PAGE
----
Rufus Calvin Kuykendall was an attorney, politician, and one of the first African Americans to be elected judge in Indiana’s Marion County Superior Court.
Kuykendall was born on September 24, 1903 in Indianapolis, Indiana to John, a former slave from Tennessee, and Belle (Jackson) Kuykendall. Kuykendall had one sibling, a sister, Almyra. Kuykendall attended Booker T. Washington School #17 and graduated from Shortridge High School. Thereafter, at the urging of his father, Kuykendall enrolled at Indiana University, in 1921 and majored in History and Political Science. Kuykendall was forced to drop out of school several times to earn money to pay for his education.
After graduation Kuykendall’s first ambition was to become a teacher at Crispus Attucks High School in Indianapolis. Due to his lack of experience he was denied the job. Subsequently, he accepted the only available job he could find as a waiter at the former Servin Hotel. His wife Ethel, who was an educator at Crispus Attucks High School, encouraged him to go back to school to get his law degree at Indiana University.
Kuykendall entered Indiana University School of Law in Indianapolis in 1940 at the age of 37 and graduated two years later in 1942, fifteen years after he had earned his bachelor’s degree. Upon passing of the bar exam in April 1942, he opened a practice in the Walker Building in downtown Indianapolis. He served the City of Indianapolis as a deputy prosecutor for six years, a public defender for two years, and finally as the assistant city attorney.
A lifelong supporter of the Republican Party, President Dwight D. Eisenhower appointed Kuykendall to serve as a consultant to the U.S. Commission for the United National Educational, Scientific, and Cultural Organization (UNESCO) in 1954. In 1958, Kuykendall served for one year as assistant staff director for the U.S. Commission on Civil Rights, as the director of the Office of Laws, Plans and Research from April 1959 to February 1960. Kuykendall was unsuccessful in his run for judge in 1962 and for the city council in 1963. In 1967 Kuykendall was elected a Marion County Indiana Superior Court Judge, serving two terms until 1974. In 1970 Kuykendall served in the Nixon Administration as the presiding officer of the U.S. State Department’s Advisory Council on African Affairs.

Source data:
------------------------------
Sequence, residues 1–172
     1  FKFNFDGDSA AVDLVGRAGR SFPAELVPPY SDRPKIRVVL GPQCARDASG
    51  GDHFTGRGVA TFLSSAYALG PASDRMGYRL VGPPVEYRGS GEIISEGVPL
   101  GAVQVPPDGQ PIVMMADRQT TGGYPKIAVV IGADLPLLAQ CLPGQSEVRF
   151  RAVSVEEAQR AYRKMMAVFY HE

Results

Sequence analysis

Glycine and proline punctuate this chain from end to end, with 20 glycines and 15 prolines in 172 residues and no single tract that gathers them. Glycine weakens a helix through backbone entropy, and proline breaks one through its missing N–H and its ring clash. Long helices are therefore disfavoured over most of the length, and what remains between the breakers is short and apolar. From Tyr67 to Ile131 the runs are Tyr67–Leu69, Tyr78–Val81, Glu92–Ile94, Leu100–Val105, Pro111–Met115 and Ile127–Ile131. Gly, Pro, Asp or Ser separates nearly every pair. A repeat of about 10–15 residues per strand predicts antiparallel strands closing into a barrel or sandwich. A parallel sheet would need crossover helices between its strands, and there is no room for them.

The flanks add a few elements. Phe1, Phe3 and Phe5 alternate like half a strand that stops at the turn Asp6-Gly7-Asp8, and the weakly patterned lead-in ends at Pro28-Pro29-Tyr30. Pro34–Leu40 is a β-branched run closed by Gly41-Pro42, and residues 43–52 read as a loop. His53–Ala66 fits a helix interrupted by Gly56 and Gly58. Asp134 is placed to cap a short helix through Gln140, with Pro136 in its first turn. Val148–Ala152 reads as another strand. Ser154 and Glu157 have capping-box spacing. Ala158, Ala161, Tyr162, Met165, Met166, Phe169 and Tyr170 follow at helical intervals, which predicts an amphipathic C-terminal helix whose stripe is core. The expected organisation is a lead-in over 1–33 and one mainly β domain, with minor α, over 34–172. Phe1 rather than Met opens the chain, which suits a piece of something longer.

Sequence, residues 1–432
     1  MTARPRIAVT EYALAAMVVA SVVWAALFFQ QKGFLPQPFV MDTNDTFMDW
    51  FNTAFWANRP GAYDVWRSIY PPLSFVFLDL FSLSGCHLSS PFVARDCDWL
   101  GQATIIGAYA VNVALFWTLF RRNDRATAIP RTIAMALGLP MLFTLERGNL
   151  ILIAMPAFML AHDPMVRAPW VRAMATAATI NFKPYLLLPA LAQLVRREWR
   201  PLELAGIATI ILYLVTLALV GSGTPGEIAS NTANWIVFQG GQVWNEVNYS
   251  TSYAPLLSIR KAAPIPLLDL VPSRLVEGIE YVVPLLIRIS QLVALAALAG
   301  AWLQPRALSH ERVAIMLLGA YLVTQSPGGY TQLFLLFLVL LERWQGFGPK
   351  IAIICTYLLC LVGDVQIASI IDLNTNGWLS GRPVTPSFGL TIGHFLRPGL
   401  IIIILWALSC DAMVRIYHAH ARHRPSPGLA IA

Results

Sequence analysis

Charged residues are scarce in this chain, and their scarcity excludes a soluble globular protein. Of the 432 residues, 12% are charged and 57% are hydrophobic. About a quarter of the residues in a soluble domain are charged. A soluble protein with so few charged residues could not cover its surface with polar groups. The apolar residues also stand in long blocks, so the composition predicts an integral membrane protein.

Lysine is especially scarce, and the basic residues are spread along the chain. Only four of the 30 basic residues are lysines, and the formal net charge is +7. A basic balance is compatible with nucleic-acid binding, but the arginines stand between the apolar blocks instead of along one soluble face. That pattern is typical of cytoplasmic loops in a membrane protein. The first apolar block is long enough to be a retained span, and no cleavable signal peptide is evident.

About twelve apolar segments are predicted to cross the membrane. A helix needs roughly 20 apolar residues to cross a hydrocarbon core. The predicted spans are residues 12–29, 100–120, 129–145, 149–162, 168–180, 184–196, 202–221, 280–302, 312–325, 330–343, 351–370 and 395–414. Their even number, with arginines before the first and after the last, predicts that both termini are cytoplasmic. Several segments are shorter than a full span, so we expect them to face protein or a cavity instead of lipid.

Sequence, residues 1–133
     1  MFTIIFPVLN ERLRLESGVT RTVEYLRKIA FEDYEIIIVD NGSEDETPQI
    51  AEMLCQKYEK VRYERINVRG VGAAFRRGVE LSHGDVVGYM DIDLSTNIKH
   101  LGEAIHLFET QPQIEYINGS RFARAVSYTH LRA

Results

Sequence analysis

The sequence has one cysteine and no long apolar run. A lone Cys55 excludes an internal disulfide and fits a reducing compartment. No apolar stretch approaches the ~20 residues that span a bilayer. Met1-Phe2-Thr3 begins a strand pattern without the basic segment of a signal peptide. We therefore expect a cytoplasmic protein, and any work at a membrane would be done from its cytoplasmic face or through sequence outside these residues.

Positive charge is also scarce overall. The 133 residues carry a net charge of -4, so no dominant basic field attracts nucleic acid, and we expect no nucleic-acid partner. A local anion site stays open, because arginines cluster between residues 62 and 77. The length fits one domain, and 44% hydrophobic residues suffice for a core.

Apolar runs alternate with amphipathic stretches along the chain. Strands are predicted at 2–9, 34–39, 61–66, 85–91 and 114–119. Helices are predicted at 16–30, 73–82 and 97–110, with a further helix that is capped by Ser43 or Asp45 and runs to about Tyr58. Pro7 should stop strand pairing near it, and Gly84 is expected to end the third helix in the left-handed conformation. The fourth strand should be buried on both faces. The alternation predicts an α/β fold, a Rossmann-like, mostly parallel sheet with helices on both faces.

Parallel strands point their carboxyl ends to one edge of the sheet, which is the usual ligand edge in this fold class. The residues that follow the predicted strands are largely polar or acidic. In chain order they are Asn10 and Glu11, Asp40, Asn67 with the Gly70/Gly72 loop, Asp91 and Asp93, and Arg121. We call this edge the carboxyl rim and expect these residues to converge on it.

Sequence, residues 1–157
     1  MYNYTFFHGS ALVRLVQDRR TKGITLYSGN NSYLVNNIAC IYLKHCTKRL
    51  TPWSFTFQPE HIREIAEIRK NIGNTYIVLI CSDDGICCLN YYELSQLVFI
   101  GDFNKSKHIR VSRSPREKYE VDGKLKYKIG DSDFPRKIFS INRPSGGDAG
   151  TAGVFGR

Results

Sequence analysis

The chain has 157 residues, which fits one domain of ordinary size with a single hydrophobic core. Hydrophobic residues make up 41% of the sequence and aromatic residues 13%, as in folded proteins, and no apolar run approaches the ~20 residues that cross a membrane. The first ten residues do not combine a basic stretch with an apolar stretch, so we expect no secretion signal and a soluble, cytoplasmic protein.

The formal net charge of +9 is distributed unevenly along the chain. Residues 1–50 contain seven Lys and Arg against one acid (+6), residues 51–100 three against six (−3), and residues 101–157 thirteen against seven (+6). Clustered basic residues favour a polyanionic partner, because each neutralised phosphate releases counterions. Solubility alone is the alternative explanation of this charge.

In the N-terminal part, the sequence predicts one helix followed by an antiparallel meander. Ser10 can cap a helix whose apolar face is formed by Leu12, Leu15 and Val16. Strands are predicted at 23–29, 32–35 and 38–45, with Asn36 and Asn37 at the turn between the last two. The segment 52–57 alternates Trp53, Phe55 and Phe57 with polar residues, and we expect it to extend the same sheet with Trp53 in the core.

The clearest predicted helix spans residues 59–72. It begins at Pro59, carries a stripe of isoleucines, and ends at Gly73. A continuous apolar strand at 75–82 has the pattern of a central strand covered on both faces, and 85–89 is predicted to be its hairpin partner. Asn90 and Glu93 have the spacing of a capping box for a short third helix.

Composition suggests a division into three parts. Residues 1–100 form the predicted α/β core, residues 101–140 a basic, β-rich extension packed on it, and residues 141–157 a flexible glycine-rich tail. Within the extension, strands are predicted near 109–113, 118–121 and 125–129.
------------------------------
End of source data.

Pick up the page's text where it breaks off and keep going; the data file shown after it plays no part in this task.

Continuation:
Kuykendall was active in Republican politics, holding several party positions which included precinct committeeman of the 7th ward and assistant to the State Republican chair. In 1957, Kuykendall was named by the Indiana NAACP as “Man of the Year.”
Kuykendall was involved in several organizations and boards including the Indianapolis Urban League, the Indiana Civil Liberties Union, the Indianapolis Legal Aid Society, Family Service Association of Indianapolis, and the Indianapolis Citizen’s School Committee. He was a member of the American National and Indiana Bar Associations and President of the Marion County Bar Association. Additionally, he was a member of Bethel African Methodist Episcopal Church, the Kappa Alpha Psi and Sigma Pi Phi fraternities and a member of the former Juvenile Aid Division advisory Committee.
Rufus Calvin Kuykendall died on November 4, 1977 at the age of 74. He was survived by his wife of 38 years, Clemie Ethel (Ransom) Kuykendall, who died on September 29, 1981.